Rogers Govender was appointed the Dean of Manchester in January 2006 after spending over twenty years as a parish priest in South Africa and Manchester.
His role at the Cathedral has involved major fabric interventions and repairs as well as extensive change management of the outreach ministry of the Cathedral as Mother Church of the Diocese of Manchester. He has spearheaded the outreach to other faith communities and the statutory sector and community groups. The Cathedral is now known for its reputation as a place of gathering for the entire community without exception. This has placed the Cathedral at the centre of religious and civic life of the city.
Rogers has a special interest in leadership development and is a regular speaker at Common Purpose and other community events. He is a founding trustee of We Stand Together, a member of Manchester Climate Change Board, and First Patron of The Booth Centre for homelessness and Patron of CAHN (Caribbean & African Health Network for Manchester). He is also a member of Our Manchester, the representative group responsible for setting the ten year strategy for the development of the City of Manchester. His community activities include Modern Slavery, Our Faith Our Planet, and the Peace and Unity initiative which seeks to bring together a culturally diverse group to celebrate our unity and build cohesion in the city. Rogers also chairs the Challenging Hate Forum which was established over a decade ago.
In recognition of his role in the City of Manchester and his Inter-faith work Rogers was awarded a MBE in the 2018 Queen’s New Year Honours List.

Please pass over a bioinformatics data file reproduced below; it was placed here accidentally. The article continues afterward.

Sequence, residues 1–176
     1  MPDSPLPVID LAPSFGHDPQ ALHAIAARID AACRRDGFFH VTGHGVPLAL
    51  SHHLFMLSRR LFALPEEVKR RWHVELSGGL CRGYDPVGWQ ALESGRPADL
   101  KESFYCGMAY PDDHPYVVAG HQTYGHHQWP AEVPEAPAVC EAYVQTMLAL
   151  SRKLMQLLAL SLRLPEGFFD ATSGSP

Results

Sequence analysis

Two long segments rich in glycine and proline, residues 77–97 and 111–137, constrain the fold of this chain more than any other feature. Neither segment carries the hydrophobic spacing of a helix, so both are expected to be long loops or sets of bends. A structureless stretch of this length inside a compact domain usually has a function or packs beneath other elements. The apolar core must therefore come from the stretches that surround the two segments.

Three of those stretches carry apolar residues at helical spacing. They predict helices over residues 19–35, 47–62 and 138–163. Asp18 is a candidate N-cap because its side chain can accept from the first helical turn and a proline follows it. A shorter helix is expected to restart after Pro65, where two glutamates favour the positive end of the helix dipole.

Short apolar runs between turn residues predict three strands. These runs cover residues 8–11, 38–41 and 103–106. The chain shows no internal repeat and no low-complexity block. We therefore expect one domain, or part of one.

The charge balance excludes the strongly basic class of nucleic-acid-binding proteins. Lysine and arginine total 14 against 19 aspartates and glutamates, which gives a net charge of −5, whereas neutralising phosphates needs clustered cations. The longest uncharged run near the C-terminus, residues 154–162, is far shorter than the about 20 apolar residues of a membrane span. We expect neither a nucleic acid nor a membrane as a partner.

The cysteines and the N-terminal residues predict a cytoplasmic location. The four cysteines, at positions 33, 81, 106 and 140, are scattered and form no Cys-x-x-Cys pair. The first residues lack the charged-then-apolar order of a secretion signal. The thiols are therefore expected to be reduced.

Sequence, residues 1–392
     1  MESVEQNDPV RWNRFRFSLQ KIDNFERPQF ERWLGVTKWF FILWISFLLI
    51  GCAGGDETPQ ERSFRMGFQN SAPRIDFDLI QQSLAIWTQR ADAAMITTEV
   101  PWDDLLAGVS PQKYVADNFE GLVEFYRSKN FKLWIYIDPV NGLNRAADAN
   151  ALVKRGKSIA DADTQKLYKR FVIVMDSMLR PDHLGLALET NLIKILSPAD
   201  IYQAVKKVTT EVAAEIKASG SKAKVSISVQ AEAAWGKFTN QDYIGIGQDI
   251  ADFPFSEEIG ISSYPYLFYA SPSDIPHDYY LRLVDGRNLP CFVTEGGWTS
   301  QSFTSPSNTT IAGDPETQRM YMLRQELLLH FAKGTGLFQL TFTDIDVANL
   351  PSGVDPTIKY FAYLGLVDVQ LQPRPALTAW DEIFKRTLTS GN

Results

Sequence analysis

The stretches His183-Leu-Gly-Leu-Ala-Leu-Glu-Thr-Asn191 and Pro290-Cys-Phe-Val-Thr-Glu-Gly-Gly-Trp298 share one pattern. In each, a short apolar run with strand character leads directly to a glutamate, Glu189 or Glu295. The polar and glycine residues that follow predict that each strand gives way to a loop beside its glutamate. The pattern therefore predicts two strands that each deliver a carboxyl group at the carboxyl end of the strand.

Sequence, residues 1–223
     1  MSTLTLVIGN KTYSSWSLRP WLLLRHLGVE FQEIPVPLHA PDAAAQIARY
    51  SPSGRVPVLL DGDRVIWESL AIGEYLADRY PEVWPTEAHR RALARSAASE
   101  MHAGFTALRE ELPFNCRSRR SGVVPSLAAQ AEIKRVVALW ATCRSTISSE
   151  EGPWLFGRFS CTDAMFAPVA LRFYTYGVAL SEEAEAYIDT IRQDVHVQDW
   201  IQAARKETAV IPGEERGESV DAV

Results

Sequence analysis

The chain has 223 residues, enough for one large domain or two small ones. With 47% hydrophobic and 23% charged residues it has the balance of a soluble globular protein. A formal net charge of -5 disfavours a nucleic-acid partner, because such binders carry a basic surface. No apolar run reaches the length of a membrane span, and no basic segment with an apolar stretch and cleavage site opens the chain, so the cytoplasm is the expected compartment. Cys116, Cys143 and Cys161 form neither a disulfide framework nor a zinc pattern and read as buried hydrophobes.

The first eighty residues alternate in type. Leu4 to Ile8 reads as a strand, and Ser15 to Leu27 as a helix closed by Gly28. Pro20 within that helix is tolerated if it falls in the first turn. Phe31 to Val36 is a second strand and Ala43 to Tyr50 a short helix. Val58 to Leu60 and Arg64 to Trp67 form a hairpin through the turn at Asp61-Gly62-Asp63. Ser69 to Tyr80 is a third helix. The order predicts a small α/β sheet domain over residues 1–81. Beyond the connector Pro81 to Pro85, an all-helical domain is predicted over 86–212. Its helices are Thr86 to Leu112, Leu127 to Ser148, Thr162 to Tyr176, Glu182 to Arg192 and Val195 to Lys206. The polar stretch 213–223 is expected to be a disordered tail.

Rogers is passionate in promoting diversity in our society and does this through networking and partnership working. He believes that the Church and religion in general, can make a positive difference in society and in through these means he seeks to build alliances across various groups to add value to our common life.
Lord Simon Andrew Woolley, Baron Woolley of Woodford Kt is a political and equalities activist. He is the founder and director of Operation Black Vote and the Advisory Chair of the Government of the United Kingdom Race Disparity Unit.
Early life and Education:
Woolley was born in Leicester. He grew up on the St Matthew’s estate, left school without A-Levels, and started his working life in an apprenticeship. Woolley moved to London, and spent four years in advertising for The Rank Organisation in Wardour Street, before deciding to study Spanish and Politics at Middlesex University. He earned a Master of Arts in Hispanic literature at Queen Mary University of London.
Career: Woolley become engaged with British politics, joining the campaign group Charter. He started to research the potential impact of a black vote, which Woolley argued could influence electoral outcomes in marginal seats. These findings encouraged Woolley to launch Operation Black Vote in 1996. Operation Black Vote has launched voter registration campaigns, an app to inspire and inform black and minority ethnic (BME) individuals and worked with Saatchi & Saatchi on a pro bono advertising campaign. Woolley also worked to empower communities and to integrate better politics education into the school curriculum.
The Esmée Fairbairn Foundation estimated that Woolley’s efforts encouraged millions of people to vote. Much of his work has been around nurturing BME civic and politic talent: the then Home Secretary Theresa May said in a speech in Westminster in 2016, “Today we celebrate a record number of BME MPs in parliament – 41. British politics and British society greatly benefits when we can utilise diversity’s teaming talent pool.